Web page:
Did you know: There is no way to truly and permanently prevent mould or mildew growth, as mould spores are airborne. This means that they float around in the wind and land in random places, so even if the mould in one place has been killed off, it may reappear in another! That said, it will only grow if the conditions are right. So really, the first step to effective prevention of mould and mildew growth is to know which areas around the home have ideal conditions for mould growth. The next best step is to purchase an effective mould and mildew cleaner – have it on hand and ready to go at the first sign of growth!
Finding a good mildew cleaner
There are plenty of mildew cleaner options on the market, but they don’t always work as effectively as possible. There’s a couple of features the look for when shopping for a good mildew cleaner.
- No bleach
A lot of mould and mildew cleaners often contain bleach. The trouble with bleach is that its results are more aesthetic than functional. Bleach-based products can look like they work fast and well because they remove the pigment (colour) from the mildew, but in actual fact the mildew is still there! The other issue with bleach is that it is a very harsh chemical – this means that it can actually damage the surface too! Using bleach on a timber wardrobe or painted wall for example, may fade the colour and leave it permanently damaged. If there are multiple areas in the home that need treatment for mildew, it is best to try and find a mildew cleaner that is bleach free – that way there’s no need to worry about damaging interior surfaces!
- Anti-mould agents (fungicides)
Another great feature to look for in a mildew cleaner is the inclusion of anti-mould agents. Fungicides are designed specifically to attack fungi – like mould and mildew – by getting right into the spores and damaging the cell-membrane. This means that their growth is inhibited, ultimately killing them off. If a mildew cleaner does not include any fungicides, it is likely to only offer a superficial fix to the issue. When shopping for a mildew cleaner, it is best to try and find one that includes anti-mould agents – that way it can be ensured that the mildew will be dead!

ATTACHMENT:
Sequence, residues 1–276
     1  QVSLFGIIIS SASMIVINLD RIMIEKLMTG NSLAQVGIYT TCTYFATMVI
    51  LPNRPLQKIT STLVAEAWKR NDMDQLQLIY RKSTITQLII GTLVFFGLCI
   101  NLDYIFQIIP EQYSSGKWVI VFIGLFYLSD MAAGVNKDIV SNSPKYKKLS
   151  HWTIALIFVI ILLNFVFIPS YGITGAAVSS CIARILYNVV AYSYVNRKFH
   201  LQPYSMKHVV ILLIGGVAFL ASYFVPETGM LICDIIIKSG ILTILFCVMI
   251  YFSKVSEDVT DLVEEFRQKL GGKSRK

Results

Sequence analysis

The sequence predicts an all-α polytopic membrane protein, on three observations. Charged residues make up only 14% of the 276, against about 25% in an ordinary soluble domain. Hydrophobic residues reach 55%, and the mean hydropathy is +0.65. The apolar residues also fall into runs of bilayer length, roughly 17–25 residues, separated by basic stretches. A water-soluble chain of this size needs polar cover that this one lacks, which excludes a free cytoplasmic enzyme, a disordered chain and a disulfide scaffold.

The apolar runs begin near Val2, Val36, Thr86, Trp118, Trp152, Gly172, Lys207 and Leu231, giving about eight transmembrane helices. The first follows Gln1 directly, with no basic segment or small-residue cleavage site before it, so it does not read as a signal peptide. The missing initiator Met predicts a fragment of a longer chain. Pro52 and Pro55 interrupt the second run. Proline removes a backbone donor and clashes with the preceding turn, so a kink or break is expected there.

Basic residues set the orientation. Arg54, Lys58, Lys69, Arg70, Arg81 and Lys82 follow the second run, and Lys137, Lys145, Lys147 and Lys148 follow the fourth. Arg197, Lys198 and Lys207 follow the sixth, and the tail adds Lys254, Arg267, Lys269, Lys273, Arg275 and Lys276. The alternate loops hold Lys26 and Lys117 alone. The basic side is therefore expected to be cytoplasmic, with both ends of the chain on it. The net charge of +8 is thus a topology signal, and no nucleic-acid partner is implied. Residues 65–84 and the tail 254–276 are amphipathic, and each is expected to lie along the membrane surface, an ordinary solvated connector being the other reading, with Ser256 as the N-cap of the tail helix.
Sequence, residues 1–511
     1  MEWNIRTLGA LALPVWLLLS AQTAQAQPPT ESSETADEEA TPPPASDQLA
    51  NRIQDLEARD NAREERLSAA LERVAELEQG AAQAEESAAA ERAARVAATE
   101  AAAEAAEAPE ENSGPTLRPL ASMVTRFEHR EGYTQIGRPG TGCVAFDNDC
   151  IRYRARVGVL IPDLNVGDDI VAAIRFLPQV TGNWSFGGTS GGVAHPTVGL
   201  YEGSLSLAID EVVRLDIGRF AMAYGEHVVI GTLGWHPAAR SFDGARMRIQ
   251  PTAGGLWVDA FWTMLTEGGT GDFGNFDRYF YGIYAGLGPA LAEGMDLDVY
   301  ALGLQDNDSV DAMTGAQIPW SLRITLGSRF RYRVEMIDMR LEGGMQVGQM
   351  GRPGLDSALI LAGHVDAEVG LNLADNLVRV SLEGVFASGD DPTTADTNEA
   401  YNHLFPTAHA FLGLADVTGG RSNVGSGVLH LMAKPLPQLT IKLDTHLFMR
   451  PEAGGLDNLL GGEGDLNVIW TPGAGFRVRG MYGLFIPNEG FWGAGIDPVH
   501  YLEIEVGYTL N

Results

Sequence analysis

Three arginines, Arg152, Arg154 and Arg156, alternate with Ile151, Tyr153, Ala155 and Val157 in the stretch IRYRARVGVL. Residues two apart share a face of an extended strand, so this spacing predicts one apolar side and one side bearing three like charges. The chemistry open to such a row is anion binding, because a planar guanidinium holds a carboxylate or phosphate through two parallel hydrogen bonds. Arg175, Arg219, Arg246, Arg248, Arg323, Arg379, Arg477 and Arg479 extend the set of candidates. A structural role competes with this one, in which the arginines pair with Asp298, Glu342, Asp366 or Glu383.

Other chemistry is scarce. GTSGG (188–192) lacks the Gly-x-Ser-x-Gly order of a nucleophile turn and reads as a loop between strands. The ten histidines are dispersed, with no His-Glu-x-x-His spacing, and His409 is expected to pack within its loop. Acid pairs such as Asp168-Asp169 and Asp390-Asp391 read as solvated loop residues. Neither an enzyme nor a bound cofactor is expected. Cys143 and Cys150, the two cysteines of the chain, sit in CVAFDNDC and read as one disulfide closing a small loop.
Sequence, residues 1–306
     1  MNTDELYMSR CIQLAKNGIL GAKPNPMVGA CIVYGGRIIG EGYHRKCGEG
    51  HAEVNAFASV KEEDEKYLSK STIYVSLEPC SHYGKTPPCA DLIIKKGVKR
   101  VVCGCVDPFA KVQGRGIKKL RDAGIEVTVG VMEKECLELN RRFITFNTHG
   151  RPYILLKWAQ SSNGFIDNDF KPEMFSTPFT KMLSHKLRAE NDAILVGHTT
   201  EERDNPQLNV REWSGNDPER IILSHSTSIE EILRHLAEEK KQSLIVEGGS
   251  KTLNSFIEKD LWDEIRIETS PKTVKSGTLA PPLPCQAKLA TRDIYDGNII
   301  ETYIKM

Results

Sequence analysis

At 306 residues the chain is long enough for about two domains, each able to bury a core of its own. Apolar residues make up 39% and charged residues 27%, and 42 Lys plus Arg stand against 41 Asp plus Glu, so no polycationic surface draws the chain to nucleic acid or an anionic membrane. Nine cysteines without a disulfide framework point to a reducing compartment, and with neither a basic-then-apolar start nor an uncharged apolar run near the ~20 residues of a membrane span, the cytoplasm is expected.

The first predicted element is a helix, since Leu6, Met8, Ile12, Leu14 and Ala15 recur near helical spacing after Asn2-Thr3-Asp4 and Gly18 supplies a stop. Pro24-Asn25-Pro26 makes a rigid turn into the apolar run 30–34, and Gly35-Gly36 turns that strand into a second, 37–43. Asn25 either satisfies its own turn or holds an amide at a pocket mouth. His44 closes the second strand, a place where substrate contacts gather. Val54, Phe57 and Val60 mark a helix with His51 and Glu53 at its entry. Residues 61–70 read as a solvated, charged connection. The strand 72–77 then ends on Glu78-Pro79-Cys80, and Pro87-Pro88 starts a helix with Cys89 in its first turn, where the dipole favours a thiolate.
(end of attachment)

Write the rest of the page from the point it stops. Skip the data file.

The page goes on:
- No chemical fumes
Something else to look for in a good mildew cleaner (or any interior cleaner for that matter) is a lack of chemical fumes. A lot of indoor spaces – especially areas prone to mildew growth – don’t always have great ventilation. Using a product with heavy chemical fumes in an enclosed space is not very healthy; it is important to consider all aspects of personal safety when using chemical products and the fumes that a person might breathe in are no exception. Consider a mildew cleaner that has less harsh chemicals or strong chemical fumes for cleaning interior mildew outbreaks.
- Easy to use
Lastly, it is really important to find a mildew cleaner that is easy to use. Purchasing a mildew cleaner with easy-to-follow instructions and minimal set-up or mixing is ideal – the less things that can go wrong during setup, the better! Having less steps involved in using a product means its more likely that the product going onto the surface will do the job it’s supposed to. It’s also important that the mildew cleaner has features in the packaging that make it easy to apply too. It’s no good having a product that needs to be sprayed on if it doesn’t come with spraying apparatus! Finding a mildew cleaner that requires minimal effort can make the process of treating mildew outbreaks easier, more efficient, and more effective
A great mildew cleaner that meets all of this criterion is Wet & Forget’s indoor mould and mildew cleaner! Wet & Forget Indoor is effective, easy to use and gets the job done quickly. It contains no bleach, uses anti-mould agents, produces no harsh chemical fumes and comes in a ready-to-use bottle with minimal setup requirements. Wet & Forget Indoor can also be used as a general-purpose spray and wipe surface cleaner, which makes it a great addition to any home-cleaning toolkit. Visit https://www.wetandforget.com.au/products/wet-forget-indoor-2l to learn more about Wet & Forget Indoor Mould and Mildew Cleaner today.